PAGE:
Sunday, November 11, 2012

The Census is not 100% Accurate

Judging by reading the #tcot twitter stream ("top conservatives on twitter") and sites like this one (claiming 50,000 hits in less than 2 days online), it appears rather than learning that reality > ideological fantasy, conservatives are intstead opting to double-down on ideological fantasy and are busy constructing an even more elaborate set of voter-fraud theories. 

The leading attempt to empiricize their claims revolves around locating counties which have more registered voters than the US census bureau indicates their population should be in its county level data set.

The first and most obvious thing to point out to conservatives is that the number of registered voters in a county is not the number of Obama votes or even the number of total votes recorded in that county as I doubt more than a tiny number of US counties see 100% turnout in any election.  Typical of the right wing noise machine, they appear to be deliberately conflating these things, such as this RedState headline "Colorado Counties Have More Voters Than People" - the article itself is discussing voter registration but the headline is pretty clearly mendacious, indicative that these counties had more actual votes cast than people living there.

Putting aside the sadly typical right wing disingenuity, the deeper flaw of all this is that they're basing the number of "people" in these counties on the US census, as if the US census was some kind of perfect count of population without any error, and completely accurate even 2 years after the actual 2010 census attempted to count everyone (something that no census actually achieves).  The Census is not 100% accurate even the year it is taken, and every year becomes less accurate.  It is simply insufficient to conclude that because a county has more registered voters than the census shows as population that this is indicative of anything untoward.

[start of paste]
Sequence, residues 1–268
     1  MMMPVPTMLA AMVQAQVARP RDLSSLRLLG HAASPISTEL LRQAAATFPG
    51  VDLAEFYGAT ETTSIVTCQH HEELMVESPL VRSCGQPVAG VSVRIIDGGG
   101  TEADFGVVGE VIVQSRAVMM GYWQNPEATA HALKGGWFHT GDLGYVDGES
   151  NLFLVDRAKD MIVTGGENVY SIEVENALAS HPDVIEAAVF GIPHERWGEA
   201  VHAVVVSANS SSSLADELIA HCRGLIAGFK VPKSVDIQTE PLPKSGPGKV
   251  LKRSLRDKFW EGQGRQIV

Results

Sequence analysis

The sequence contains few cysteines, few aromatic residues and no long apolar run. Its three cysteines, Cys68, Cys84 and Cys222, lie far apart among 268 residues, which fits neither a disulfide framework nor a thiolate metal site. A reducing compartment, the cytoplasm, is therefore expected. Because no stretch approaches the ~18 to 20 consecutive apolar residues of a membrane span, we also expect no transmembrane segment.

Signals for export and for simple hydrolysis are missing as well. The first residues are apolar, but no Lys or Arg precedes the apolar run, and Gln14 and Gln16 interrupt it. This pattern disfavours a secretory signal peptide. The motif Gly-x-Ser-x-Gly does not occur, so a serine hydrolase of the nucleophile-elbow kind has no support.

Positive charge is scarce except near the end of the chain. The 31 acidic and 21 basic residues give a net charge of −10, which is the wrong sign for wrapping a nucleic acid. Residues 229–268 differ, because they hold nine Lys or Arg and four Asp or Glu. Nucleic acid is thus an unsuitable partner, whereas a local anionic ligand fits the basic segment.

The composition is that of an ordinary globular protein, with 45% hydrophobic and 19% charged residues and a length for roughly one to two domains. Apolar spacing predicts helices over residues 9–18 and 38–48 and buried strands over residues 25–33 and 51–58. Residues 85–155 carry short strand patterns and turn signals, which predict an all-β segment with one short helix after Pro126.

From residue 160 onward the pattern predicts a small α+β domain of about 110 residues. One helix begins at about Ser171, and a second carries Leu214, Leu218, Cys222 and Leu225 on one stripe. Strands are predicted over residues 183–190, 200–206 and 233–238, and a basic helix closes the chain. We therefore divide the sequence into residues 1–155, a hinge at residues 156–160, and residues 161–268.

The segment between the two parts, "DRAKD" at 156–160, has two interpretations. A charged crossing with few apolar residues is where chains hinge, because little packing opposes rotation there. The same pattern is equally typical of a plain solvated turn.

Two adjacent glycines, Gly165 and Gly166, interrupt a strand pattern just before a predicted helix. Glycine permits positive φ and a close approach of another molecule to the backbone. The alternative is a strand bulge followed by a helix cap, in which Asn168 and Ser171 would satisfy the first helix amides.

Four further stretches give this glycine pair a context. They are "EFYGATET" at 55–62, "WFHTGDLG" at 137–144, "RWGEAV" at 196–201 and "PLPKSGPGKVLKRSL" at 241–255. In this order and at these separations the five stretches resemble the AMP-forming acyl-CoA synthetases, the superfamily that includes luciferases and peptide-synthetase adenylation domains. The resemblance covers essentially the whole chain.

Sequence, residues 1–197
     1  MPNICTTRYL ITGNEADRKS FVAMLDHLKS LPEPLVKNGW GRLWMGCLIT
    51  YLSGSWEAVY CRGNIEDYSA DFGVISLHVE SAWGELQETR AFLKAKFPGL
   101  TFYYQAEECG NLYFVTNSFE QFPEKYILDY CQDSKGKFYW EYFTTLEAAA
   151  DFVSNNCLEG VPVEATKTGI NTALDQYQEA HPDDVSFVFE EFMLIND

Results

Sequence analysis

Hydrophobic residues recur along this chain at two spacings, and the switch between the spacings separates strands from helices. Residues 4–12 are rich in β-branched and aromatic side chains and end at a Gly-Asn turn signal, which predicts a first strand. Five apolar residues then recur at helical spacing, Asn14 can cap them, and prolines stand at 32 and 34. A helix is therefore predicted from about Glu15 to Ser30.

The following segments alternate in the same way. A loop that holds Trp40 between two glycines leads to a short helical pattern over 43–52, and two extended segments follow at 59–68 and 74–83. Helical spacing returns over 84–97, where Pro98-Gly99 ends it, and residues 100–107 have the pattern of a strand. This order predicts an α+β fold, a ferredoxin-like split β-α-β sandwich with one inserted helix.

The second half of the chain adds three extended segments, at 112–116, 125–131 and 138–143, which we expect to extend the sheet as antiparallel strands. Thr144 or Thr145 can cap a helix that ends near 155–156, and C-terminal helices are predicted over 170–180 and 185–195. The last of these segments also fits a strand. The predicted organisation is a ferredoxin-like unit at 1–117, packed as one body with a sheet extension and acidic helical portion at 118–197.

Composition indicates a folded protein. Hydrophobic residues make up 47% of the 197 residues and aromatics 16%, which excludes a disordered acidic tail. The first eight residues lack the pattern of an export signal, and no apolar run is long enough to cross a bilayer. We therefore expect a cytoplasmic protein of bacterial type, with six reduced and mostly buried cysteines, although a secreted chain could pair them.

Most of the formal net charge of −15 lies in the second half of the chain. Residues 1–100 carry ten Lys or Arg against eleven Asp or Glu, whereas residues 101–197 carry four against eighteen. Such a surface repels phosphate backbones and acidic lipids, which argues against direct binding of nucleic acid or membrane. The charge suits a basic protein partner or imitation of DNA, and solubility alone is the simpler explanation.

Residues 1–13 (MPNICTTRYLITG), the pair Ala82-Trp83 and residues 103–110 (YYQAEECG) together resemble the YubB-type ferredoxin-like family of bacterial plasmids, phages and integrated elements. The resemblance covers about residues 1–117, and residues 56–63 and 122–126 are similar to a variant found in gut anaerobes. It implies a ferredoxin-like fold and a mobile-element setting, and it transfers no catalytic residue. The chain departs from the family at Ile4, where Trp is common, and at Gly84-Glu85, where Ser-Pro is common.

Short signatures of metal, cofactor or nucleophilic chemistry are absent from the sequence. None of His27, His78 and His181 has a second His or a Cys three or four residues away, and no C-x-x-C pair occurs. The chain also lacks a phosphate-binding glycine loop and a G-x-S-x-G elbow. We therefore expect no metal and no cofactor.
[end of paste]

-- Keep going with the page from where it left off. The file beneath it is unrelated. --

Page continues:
The Census attempts to estimate population changes at State and County level over time between actual censuses, but of course these are estimates and subject to error.  According to research into past censuses, the average of these errors in small counties can be as high as 8.8% per year, and for all counties, averages 3.5% to 4.6% in error.  That smaller counties are more subject to drift over time may appear counter intuitive, as it should seem simplier to accurately count the number of people in a small county, but the drift is more significant because small events like a single factory opening or closing can have an outsized effect on small counties.  A county that includes a big city is going to "average out" events that cause people to leave the county with events that cause people to enter it.

Consider all the variables and sources of error:
  • Some people really don't want to be counted in the census.  This includes Michelle Bachman and the paranoid right, who were particularly concerned about the 2010 census seeing as it was being run under President Obama. 
  • People die, and while national death rates are easy to measure, there's no reason to assume people die evenly at the county level.  A county with lots of elderly people is going to have a lot more deaths than a young county.